What is unschooling? How is unschooling defined? How is it different from homeschooling?
Unschooling: the Movie
Lee Stranahan’s film to show a little bit of what unschooling is about: a film based on the Stranahan family’s personal experience, as well as talks with Sandra Dodd, her family and other unschoolers.
Do you want to know what unschooling is? And how to unschool your kids?
There’s nothing I get asked about more as a parent than unschooling, and nothing I recommend more to other parents.
In unschooling, life itself is learning. There is no “doing school” … you are learning all the time.
That’s why my wife and I unschool four of our kids, and have been for several years.
And in this book I’m going to give you the answers to:
- What is unschooling?
- Why you should unschool your kids?
- How to unschool?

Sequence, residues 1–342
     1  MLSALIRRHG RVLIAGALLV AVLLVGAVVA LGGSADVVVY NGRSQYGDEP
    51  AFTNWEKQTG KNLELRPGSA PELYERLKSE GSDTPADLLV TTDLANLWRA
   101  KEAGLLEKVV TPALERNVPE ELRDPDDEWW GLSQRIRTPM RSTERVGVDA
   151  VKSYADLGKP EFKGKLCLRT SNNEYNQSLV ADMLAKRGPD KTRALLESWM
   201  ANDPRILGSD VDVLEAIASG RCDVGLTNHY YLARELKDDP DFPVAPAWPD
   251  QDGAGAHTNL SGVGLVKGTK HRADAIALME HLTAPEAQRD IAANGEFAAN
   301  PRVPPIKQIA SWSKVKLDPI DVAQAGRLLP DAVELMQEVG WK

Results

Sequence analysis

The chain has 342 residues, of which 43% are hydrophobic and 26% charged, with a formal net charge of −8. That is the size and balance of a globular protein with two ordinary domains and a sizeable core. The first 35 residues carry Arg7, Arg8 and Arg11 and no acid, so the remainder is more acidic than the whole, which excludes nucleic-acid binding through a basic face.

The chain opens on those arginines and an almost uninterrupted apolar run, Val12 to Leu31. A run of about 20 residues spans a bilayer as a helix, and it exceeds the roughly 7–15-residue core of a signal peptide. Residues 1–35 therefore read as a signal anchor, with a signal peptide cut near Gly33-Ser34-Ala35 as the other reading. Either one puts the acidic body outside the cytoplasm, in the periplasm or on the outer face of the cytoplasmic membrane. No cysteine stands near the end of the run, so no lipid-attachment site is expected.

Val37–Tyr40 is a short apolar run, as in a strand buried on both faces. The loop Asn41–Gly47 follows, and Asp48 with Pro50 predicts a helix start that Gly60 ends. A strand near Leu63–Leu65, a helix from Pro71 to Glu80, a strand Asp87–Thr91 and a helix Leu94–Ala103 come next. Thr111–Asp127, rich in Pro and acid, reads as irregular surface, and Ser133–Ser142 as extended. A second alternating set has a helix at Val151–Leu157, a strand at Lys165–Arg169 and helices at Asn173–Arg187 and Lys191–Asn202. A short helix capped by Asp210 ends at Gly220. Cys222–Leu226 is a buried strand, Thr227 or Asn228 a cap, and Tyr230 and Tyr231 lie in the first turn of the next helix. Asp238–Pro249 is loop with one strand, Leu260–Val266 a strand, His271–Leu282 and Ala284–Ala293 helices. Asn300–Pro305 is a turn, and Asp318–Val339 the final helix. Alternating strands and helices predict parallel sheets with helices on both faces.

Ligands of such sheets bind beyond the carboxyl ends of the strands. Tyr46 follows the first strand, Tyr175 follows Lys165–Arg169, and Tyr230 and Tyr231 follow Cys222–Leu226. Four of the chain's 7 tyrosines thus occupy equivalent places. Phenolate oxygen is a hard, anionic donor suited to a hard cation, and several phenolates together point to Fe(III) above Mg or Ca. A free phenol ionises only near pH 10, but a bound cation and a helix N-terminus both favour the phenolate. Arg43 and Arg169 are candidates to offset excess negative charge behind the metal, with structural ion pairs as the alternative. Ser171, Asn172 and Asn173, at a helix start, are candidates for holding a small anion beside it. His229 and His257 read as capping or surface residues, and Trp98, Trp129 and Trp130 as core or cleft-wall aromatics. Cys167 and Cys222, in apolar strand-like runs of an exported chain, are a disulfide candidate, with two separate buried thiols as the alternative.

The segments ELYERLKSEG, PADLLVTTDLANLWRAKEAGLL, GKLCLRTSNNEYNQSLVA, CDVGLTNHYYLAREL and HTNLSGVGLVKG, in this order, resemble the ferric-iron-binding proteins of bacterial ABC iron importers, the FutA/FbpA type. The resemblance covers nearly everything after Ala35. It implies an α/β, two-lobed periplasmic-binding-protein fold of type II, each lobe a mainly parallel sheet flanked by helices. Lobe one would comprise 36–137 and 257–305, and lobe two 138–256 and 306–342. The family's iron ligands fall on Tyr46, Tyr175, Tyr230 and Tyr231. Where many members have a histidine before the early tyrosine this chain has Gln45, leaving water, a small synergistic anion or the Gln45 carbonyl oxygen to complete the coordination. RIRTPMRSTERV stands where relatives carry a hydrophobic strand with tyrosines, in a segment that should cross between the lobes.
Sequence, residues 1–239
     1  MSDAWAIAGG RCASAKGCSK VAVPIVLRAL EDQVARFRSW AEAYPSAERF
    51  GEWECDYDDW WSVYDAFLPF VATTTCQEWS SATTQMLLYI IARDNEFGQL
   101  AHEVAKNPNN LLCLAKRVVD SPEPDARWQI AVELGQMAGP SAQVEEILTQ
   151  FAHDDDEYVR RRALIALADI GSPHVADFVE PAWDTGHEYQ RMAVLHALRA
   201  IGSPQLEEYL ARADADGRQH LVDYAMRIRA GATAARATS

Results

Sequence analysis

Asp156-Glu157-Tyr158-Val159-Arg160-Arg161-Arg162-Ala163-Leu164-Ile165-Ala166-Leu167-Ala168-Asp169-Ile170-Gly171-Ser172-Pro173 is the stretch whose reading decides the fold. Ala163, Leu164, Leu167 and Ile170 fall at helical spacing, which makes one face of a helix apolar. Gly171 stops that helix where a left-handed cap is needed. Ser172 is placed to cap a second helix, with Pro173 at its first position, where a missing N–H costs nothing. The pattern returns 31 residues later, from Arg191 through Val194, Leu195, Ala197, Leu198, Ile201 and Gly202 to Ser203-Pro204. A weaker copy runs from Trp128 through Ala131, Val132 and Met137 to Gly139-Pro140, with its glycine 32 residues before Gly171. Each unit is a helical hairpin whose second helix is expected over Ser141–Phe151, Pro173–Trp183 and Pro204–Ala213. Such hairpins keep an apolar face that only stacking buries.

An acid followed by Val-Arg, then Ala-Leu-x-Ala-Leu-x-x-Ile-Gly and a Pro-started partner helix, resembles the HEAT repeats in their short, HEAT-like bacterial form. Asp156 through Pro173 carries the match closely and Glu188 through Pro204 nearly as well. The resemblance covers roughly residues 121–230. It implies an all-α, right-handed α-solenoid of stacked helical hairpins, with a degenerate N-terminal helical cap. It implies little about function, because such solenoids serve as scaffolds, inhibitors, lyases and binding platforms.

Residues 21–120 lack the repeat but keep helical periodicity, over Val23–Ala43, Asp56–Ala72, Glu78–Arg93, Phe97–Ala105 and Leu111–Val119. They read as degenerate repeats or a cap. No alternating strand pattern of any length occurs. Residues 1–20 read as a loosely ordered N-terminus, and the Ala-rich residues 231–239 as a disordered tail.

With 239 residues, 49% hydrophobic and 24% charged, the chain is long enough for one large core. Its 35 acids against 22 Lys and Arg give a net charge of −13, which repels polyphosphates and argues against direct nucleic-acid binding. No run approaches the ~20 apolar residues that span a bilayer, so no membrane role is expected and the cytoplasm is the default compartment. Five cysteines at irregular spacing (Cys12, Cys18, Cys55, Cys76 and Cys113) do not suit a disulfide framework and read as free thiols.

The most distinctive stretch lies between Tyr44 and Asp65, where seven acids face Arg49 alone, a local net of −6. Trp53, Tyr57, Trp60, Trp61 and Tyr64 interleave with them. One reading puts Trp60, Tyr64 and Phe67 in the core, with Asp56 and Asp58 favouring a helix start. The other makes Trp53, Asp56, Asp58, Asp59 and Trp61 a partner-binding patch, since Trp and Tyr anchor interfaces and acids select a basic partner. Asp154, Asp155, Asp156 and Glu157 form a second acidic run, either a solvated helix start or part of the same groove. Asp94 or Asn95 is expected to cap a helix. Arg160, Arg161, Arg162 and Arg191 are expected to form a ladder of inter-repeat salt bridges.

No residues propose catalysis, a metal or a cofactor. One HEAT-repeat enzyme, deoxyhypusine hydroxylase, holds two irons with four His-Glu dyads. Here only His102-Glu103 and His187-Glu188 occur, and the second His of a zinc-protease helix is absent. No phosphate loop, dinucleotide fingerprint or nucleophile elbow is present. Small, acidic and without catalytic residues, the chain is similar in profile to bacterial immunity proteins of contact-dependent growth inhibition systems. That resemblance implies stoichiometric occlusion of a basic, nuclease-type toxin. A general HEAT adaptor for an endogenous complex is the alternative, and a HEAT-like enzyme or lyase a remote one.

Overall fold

Plus, I’m going to tell you “The 8 Essential Skills That All Kids Should Learn”
This is the unschooling “office” of Sandra Dodd, of Albuquerque. Mother of three.
Radio Free School
An all-volunteer weekly radio show by, for and about un-schoolers. Select a show, and on the show’s page, at the very bottom, click on “download” or “pls” to listen. Shows are about 30 minutes long.
To believe in unschooling is to believe that true learning happens best when it arises from the experiences and interests of the learner, not from an imposed curriculum or a teacher or a parent.
Best Selling Magazines for Homeschooling Kids
What is it unschoolers don’t want anyway?
Viral Learning: Reflections on the Homeschooling Life, by Mary Griffith
Mary Griffith pulls no punches with her witty insights into her life as a homeschool mom, the making of herself into a “famous homeschool author,” and her part as a vital leader in the growth of homeschooling. By Ann Zeise.
What Is, and Isn’t Unschooling
Unschooling isn’t so much a method, as it is a way of looking at learning. It’s seeing the learning in everything. To me, it’s much more than just dropping the curriculum, although that’s an excellent place to start.
What is Unschooling?
Karen Gibson explains, “I find that one of the hardest things with unschooling is learning to trust that your child will learn what he needs to know for his own life, in his own time frame.”